Ascent of Hickory Benchmark on 2015-09-27

Climber: John Hasch

Date:Sunday, September 27, 2015
Ascent Type:Successful Summit Attained
Peak:Hickory Benchmark
    Elevation:830 ft / 252 m

Ascent Trip Report

830+ ft.

Sunday, 9/27/2015

This single contour is large and extends across both sides of north-south Ridgeland Ave. but totally north of Bruns Road. In addition to the cemetery, there are two communication towers and some high ground in a field to the northwest. This year, the field was mature with corn.

I arrived in the area and drove into the cemetery between the two brick signs that demarked the entrance. I drove back near the building and parked. I immediately noted the rise in the lawn to the southwest. This was the highest ground as I scanned the area in all directions. I walked over to this high ground and claimed this rise.

I continued across the lawn to the road, and I turned south to search for BM Hickory. I was blessed with finding the reference BM first. It was found about 12 feet off the road, on the east side – the same side as the cemetery. The standard-looking marker was labeled “BM Reference 6”, and it was stamped with the dates “1959 1967 1975”. An arrow pointed generally south, and I continued my search in that direction for the actual BM.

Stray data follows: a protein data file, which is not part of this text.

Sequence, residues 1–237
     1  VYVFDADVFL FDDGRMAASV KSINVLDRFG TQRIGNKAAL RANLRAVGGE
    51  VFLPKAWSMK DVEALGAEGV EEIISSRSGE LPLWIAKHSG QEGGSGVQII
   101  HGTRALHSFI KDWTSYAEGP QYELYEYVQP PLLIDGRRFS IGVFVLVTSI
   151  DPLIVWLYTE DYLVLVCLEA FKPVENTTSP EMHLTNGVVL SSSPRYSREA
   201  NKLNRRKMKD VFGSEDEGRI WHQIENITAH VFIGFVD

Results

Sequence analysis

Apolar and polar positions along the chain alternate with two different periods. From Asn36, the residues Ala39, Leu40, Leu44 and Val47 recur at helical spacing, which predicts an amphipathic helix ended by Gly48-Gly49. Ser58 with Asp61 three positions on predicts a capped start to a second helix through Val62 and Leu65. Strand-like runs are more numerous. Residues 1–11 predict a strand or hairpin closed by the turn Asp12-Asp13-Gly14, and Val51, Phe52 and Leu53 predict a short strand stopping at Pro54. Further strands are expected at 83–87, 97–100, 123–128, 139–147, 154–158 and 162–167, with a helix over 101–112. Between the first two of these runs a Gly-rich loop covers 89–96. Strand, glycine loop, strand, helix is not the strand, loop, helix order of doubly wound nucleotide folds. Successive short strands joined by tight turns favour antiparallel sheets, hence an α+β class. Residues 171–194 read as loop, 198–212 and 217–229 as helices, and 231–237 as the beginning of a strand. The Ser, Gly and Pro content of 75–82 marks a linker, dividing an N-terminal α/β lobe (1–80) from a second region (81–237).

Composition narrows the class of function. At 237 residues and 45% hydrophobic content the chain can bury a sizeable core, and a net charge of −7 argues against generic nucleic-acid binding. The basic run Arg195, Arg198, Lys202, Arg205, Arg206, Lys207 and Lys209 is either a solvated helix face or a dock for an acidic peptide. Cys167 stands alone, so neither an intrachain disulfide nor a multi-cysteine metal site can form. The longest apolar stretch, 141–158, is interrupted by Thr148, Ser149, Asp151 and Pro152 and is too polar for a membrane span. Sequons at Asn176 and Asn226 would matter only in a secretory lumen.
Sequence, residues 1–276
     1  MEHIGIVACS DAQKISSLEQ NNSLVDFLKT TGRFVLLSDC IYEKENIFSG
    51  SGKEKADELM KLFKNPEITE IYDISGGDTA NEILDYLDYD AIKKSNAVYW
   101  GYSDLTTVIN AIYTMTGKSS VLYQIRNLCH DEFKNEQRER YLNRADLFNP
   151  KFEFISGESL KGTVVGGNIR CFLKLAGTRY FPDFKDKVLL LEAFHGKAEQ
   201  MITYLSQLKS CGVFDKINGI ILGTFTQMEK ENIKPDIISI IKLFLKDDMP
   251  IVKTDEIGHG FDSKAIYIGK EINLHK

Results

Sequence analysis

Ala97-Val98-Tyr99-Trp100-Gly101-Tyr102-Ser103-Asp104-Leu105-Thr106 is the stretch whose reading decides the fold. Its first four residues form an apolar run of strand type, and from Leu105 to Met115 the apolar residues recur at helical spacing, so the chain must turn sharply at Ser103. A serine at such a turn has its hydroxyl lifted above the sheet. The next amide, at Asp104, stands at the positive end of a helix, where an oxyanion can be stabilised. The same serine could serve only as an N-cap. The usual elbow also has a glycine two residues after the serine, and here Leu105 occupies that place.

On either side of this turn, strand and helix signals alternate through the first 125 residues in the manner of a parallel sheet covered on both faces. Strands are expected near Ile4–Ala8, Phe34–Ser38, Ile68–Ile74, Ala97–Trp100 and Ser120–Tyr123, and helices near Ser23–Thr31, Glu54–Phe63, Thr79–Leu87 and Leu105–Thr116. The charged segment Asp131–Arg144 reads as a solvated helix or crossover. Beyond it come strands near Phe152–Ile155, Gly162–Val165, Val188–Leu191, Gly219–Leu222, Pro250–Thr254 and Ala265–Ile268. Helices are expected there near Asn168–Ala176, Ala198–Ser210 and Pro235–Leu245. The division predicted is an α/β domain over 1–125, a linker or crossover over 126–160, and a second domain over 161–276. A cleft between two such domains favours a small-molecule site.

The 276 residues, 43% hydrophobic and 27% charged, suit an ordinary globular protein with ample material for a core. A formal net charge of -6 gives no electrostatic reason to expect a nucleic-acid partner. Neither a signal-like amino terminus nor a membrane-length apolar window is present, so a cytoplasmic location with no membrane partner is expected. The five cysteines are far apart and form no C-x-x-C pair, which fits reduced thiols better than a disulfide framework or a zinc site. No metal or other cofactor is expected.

BM Hickory is easy to find. It is about 15 feet south of the reference BM, about 10 feet off the road. It is next to a high white witness post sign, on a large, elevated concrete base. It is stamped with the years “1959 1967”. It is just outside the barbed wire fence that surrounds the tower complex.

I spent additional time looking for other reference BM’s – the one I found was #6? But I did not find any other reference BM. I also walked to the high fence surrounding the east tower, adjacent to the cemetery. Nothing remarkable was found there. Finally, I walked across the street to look at the west tower, but the land surrounding it was clearly lower.

The lone other area of interest was the corn in the field to the northwest. It appeared to be high ground. But then I rejected the area because: 1) the corn was 6-8ft tall, and it did not appear to be THAT much taller; and 2) I relied on the Mitchler report that ruled out the area after using a hand level.

I returned to the pet cemetery and spent a few minutes wandering around the gravesites. In general, I found the entire cemetery to be in disrepair. Many flat headstones were becoming completely covered by encroaching weeds and grasses. The community building itself also needed repairs, with siding seen peeling off over the entrance to the building. The most recent date I noted on ANY of the headstones was 2009. As I drove away, I thought this apparently was a concept that had died (pun intended).
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